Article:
According to market research company Ti, when it comes to the logistics industry, “[labour] shortages are occurring at all job levels within the industry.” This is a problem which is endemic to supply chain industries across Europe and one which sometimes preoccupies Teddy Dimitrova, a Talent Manager for the Digital Product at bloomon. The European online flower delivery scale-up is revolutionising what customers can expect from the flower industry by cutting the supply chain by 80%. But handling so many complex tasks in house means the ultimate challenge for HR: Teddy is in charge of both hiring and retaining employees as well as tending to the company culture — we spoke to her about the challenges posed by finding the right employees for highly specialised roles and her top tips for finding unicorns.
How did I start at bloomon? I studied hospitality management and worked for a couple of years in the industry. But at some point I realised I had more passion for the people working within the industry than the people we were meant to be serving, so I transitioned into people and talent management and recruitment. This ended up to be my true passion and this is also how I ended up as a talent manager within bloomon with a focus on the digital product. What really drove me to join bloomon back then was the culture and the combination of amazing physical product and lots of technology.
The short version of what I do is this: finding employees and keeping them happy, that’s it. The slightly longer version is that it involves everything from HR, employer branding, recruitment to marketing and employee happiness.
bloomon’s business model is radically different to most other flower companies, which creates challenges in terms of hiring. Normally if you buy a bouquet in a supermarket, those flowers have already had a journey of seven to eight days to get there. The average lifetime of a cut flower is approximately 14 days. So if it takes eight days to get the flowers to the florist, it’s not surprising that they would only last a couple of days. What we do at bloomon is that we cut the supply chain and everyone in between and we work directly with over 400 growers. In this way, we manage to deliver our flowers straight from growers to the kitchen table within 36 hours in six countries. Working together with the growers not only means a leaner supply chain, but also ensures the quality of the products. We always keep the growers in the loop for feedback and work together on longevity and quality of the flowers. Next to that we grow unique flowers, such as the bloomon tulip (Yellow Rebel) and the white sunflower (White Knight).
This unique supply chain means that over the past two years we’ve had to create roles that barely exist in the market. Often we had to combine two or even three roles in one. The requirements for our Product owner Supply Chain meant we needed previous experience in three roles – engineering, product ownership and supply chain experience. It took us seven months to find that person and we spoke to over 200 candidates. The Account manager for the growers was another “unicorn” – imagine combining strong flower knowledge, experience with or as a grower AND strong sales/ account management skills! Last but not least, the search for logistic improvement lead has been an entire journey as well — we figured it’s hard to find the right person not only because our product is very perishable and delicate and needs specific logistics, but also because we are fast innovators and we would need someone who will think outside the box, drive innovation and automation.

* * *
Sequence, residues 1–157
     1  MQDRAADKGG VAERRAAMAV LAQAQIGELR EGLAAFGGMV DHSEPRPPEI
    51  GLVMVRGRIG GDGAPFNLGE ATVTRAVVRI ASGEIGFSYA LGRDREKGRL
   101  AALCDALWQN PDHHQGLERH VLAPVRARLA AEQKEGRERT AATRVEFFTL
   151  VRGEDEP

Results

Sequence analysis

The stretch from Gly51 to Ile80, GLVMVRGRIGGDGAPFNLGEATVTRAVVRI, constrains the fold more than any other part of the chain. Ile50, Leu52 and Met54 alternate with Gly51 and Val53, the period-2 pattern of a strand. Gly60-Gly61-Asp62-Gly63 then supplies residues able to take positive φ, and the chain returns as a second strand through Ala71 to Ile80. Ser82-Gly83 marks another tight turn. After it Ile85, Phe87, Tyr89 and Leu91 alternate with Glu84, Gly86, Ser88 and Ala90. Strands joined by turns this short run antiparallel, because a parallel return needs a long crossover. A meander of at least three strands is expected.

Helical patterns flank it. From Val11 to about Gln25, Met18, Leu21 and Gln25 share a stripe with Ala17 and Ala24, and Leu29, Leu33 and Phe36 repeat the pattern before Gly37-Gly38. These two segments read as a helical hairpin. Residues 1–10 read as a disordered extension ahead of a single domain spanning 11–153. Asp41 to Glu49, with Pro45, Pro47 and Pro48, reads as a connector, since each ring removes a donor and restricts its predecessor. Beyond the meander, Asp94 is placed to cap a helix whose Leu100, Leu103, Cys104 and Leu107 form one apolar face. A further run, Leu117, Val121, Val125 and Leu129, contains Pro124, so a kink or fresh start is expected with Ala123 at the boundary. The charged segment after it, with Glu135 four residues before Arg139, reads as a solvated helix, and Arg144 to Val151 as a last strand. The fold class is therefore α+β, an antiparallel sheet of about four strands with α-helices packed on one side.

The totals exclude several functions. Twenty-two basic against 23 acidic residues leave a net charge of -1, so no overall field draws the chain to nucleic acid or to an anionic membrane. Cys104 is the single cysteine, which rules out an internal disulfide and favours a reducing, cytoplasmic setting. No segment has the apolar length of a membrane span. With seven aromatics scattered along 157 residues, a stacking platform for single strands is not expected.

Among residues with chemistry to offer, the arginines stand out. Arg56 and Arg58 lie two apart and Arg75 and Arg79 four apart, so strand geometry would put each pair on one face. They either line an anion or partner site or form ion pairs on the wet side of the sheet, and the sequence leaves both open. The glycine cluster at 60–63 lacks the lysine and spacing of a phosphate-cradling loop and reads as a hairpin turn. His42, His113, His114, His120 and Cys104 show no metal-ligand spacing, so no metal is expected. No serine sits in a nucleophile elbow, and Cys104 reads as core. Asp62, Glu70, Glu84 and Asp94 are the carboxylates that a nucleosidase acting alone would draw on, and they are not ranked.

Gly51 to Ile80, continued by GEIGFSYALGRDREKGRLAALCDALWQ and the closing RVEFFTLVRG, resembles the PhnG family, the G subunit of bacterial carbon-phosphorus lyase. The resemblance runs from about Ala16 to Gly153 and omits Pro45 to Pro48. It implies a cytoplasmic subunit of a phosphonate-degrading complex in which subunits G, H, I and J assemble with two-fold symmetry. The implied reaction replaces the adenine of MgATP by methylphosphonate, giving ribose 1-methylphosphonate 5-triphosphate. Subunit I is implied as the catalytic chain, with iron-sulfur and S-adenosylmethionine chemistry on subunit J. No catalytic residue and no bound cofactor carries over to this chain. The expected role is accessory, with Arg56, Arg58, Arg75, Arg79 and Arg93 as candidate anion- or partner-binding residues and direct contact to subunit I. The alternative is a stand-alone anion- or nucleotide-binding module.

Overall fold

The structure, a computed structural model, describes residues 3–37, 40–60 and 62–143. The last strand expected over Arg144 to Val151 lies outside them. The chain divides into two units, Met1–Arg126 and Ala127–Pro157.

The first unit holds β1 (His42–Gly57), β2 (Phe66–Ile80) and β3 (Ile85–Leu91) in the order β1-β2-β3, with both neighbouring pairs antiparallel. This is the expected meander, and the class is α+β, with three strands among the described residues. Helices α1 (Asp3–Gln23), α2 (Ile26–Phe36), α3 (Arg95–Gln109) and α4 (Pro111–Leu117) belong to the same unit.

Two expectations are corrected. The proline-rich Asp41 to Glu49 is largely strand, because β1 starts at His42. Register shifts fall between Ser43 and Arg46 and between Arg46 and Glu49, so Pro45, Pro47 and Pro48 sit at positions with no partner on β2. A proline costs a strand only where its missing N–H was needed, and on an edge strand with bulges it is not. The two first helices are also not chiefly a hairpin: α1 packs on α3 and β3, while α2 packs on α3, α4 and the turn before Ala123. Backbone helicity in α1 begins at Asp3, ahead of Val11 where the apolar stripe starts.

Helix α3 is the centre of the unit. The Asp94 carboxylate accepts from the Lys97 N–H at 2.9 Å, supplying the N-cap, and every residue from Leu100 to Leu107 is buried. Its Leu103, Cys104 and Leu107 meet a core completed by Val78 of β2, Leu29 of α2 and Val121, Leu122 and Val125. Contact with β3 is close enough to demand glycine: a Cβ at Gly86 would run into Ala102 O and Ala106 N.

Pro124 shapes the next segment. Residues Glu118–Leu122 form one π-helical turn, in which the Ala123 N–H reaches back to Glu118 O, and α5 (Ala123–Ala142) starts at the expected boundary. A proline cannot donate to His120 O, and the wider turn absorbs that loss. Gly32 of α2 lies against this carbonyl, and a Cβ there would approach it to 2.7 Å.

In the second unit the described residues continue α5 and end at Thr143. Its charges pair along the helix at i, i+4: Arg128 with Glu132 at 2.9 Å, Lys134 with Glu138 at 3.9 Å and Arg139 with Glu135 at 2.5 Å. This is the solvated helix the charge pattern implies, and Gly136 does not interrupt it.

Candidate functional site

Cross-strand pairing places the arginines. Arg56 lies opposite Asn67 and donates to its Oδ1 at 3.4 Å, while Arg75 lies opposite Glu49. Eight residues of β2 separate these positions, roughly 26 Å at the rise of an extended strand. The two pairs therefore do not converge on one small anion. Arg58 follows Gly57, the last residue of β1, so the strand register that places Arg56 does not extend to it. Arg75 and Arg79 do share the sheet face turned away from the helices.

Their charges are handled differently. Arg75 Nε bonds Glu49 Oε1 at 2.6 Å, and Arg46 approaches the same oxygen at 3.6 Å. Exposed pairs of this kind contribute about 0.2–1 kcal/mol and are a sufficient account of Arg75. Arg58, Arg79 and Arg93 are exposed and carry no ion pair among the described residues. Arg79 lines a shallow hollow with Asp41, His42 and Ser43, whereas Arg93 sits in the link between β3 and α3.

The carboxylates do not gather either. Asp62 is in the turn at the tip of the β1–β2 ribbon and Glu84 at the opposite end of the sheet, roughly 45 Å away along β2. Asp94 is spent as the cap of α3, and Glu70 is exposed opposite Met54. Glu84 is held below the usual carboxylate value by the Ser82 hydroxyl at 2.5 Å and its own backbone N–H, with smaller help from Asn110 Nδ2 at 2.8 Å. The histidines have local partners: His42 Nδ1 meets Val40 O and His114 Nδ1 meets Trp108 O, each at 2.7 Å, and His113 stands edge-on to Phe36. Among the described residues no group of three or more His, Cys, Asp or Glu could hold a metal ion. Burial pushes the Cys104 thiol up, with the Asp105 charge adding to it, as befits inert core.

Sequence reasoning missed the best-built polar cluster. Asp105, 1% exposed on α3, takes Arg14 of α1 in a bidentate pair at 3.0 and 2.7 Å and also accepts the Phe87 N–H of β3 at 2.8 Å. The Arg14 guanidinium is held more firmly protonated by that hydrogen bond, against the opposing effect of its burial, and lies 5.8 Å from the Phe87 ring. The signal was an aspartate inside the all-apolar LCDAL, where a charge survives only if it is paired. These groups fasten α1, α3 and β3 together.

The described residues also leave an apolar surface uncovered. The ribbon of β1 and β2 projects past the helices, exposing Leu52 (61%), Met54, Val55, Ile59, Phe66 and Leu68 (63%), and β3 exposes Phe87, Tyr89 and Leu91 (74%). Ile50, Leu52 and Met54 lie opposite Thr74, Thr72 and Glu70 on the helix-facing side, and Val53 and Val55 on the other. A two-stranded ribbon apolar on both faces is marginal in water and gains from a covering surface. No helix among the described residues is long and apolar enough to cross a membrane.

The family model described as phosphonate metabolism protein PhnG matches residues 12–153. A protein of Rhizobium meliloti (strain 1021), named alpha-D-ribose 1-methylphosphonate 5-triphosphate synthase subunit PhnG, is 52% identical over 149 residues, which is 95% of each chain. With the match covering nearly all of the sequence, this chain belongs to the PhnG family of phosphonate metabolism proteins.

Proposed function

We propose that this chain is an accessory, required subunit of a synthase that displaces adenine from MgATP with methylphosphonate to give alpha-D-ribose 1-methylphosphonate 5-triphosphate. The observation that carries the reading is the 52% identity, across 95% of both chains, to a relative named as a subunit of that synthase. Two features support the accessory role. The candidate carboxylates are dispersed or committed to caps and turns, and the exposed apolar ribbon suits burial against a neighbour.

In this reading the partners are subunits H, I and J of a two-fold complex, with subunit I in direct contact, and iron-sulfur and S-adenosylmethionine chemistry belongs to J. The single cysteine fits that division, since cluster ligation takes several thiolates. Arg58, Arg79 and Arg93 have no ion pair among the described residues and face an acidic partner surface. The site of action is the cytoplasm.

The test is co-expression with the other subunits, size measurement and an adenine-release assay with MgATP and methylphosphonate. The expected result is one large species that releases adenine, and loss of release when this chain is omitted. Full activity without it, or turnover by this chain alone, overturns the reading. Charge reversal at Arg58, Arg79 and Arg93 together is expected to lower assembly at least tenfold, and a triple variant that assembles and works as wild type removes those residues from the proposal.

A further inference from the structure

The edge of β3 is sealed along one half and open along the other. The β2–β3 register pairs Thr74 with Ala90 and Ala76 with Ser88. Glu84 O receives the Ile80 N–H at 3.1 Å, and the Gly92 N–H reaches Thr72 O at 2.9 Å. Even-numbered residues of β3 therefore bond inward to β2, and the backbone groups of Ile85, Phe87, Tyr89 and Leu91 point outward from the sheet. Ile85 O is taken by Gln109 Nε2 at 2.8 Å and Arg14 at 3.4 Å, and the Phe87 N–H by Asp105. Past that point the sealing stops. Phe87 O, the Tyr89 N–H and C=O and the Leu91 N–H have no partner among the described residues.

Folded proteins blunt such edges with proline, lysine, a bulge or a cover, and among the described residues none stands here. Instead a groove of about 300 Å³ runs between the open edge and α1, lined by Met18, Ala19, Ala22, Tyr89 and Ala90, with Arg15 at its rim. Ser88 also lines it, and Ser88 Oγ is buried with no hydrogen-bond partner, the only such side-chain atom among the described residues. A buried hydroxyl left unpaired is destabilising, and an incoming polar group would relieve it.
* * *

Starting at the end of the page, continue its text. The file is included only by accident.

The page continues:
All of this is challenging. We often have to tweak our job profiles in order to make them recognisable to people working within the regular market. Besides which, we’re always on the lookout for unicorns and this affects the time spent on recruiting. For context, while you have an industry average of hiring 40-60 days per vacancy for us it could take up to six months to find the perfect person who was able to do what we need.
There’s no one formula for recruitment success: each different role requires a different approach. I think it’s important to use a combination of tactics. When we were looking for stylists who could work in the bloomon style, this type of person doesn’t tend to have a LinkedIn page, so I went on Instagram with my colleague and we started looking for stylists. The thing about Instagram is that you can really see the end product. We would select approximately 200 pictures and I would sit with the Style Director and he’d be like [scrolling through the profiles going] “yes, no, yes, no” and in the end, we came up with 20 people we could approach for the role and we knew that if any of them were interested they had a high chance of being hired because they already had feeling for our style.
So, thinking out of the box ways to recruit and source talent is my biggest passion — I’ve sourced people on Pinterest for creative roles. I’ve sourced people on all sorts of platforms because anything with profiles on it can be used to source candidates — I’ve sourced candidates using Airbnb, for example.